As many as 42,000 African migrants have been ordered to leave the country within 90 days or face imprisonment. Israel has not clearly said where the immigrants will go but tacitly recognizes that it is too unsafe to return the Sudanese and Eritreans to their homes.
The country's authorities have threatened to be arresting every migrant if their commands on them are not met.
The government plans to close the Holot detention centre within three months, according to a statement issued on Monday by Israel's Population and Immigration Authority.
Netanyahu said a barrier Israel completed in 2013 along its border with Egypt had effectively cut off a stream of "illegal infiltrators" from Africa after some 60,000 crossed the desert frontier. Numerous illegal immigrants say they fled violence and persecution, but Israel treats them as economic migrants.
The United Nations refugee agency said the PIA's notice violates global and Israeli laws.
"We will return south Tel Aviv to the citizens of Israel, they are not refugees, but infiltrators looking for work", he said in August.
The elderly, children, and victims of slavery and human trafficking are reportedly exempt from the order.
Israeli Prime Minister Benjamin Netanyahu has characterized the resettlement of African migrants in Israel as harmful to the country's Jewish character and social cohesion. The ultimatum is part of a large-scale campaign to remove 42,000 illegal African migrants from Israel.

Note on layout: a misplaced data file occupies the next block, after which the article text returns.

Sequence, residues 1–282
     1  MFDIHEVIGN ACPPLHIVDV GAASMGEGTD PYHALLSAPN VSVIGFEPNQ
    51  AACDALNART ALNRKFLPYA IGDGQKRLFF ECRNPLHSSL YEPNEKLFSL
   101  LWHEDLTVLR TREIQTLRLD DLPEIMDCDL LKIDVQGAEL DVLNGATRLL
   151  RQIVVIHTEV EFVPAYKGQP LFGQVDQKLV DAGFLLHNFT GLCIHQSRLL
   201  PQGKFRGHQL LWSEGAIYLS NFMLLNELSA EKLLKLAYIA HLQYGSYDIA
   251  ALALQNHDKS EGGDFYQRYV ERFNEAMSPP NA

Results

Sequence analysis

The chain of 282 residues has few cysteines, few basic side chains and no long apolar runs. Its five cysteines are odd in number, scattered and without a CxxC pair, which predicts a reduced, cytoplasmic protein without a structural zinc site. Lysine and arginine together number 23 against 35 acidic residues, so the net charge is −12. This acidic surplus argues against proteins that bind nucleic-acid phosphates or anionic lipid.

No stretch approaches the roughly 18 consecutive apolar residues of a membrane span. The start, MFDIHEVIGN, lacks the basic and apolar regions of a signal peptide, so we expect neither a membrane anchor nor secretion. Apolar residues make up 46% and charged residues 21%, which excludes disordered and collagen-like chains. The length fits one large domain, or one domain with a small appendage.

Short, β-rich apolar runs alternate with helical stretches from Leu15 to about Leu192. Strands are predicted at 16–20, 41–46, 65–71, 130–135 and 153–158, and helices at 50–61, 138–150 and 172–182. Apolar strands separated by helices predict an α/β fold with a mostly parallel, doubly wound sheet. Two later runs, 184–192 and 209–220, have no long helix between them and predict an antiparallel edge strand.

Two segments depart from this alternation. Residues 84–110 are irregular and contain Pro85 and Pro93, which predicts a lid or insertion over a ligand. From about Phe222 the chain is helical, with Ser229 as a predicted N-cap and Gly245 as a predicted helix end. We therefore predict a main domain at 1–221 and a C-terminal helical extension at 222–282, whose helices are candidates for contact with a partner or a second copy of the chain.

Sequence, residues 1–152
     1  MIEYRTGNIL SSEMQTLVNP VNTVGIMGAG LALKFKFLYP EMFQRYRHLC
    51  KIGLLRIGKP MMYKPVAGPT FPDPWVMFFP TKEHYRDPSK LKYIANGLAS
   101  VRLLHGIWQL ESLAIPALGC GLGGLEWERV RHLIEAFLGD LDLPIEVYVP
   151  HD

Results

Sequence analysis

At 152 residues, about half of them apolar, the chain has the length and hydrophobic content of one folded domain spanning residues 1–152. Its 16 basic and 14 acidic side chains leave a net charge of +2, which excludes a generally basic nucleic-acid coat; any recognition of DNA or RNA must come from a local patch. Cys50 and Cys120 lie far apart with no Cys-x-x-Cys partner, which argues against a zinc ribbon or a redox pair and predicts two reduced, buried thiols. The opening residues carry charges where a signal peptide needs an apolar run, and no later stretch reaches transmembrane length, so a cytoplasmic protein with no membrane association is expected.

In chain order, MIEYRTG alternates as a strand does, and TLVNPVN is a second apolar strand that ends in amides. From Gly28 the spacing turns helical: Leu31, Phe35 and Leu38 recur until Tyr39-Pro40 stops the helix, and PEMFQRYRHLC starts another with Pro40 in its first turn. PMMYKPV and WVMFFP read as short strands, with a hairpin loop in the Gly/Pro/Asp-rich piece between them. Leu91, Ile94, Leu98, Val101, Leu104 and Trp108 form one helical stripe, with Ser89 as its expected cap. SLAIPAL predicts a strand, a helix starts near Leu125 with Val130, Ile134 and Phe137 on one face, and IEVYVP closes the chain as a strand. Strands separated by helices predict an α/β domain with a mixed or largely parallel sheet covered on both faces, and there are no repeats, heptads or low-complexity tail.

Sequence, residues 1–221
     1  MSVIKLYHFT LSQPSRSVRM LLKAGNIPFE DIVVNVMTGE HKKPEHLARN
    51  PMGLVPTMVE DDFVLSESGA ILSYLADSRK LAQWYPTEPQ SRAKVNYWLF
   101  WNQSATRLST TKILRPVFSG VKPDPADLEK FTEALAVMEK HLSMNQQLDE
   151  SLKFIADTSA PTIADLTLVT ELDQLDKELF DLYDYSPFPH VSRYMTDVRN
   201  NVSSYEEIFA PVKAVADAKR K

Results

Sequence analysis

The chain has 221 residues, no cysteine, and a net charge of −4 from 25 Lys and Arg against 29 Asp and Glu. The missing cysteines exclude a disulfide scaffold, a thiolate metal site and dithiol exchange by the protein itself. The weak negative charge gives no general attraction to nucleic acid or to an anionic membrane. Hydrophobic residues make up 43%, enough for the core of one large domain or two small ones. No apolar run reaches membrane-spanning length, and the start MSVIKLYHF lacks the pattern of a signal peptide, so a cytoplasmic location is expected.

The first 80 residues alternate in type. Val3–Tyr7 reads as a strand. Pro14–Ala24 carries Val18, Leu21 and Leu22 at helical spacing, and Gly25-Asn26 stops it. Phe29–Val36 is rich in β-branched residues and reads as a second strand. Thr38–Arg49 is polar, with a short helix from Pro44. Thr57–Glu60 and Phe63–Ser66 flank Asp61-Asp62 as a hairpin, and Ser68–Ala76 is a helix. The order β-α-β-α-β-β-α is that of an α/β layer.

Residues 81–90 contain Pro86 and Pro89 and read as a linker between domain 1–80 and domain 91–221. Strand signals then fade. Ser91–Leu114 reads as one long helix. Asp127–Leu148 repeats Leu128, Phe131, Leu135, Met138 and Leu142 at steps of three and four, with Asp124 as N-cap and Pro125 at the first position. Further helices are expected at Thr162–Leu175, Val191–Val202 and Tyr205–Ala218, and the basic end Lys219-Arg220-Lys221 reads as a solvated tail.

The Israeli government is considering giving each migrant a reported sum equivalent to $3,500 to leave, with the option of going home or to a third country. "We don't know what is waiting for us (in Rwanda and Uganda)", he told Reuters by telephone.
"We have no partnership agreement with the government of Israel, ask them (Israel) to explain how they reached that decision", the minister said.
The Hotline for Migrant Workers, an advocacy group, condemned the move, saying expulsions "put the refugees' lives in danger". The government now considers most of the "infiltrators" to be economic migrants.
Since 2009 when Israel took over the process from the UNHCR to determine who is a refugee, only eight Eritreans and two Sudanese have been granted this status.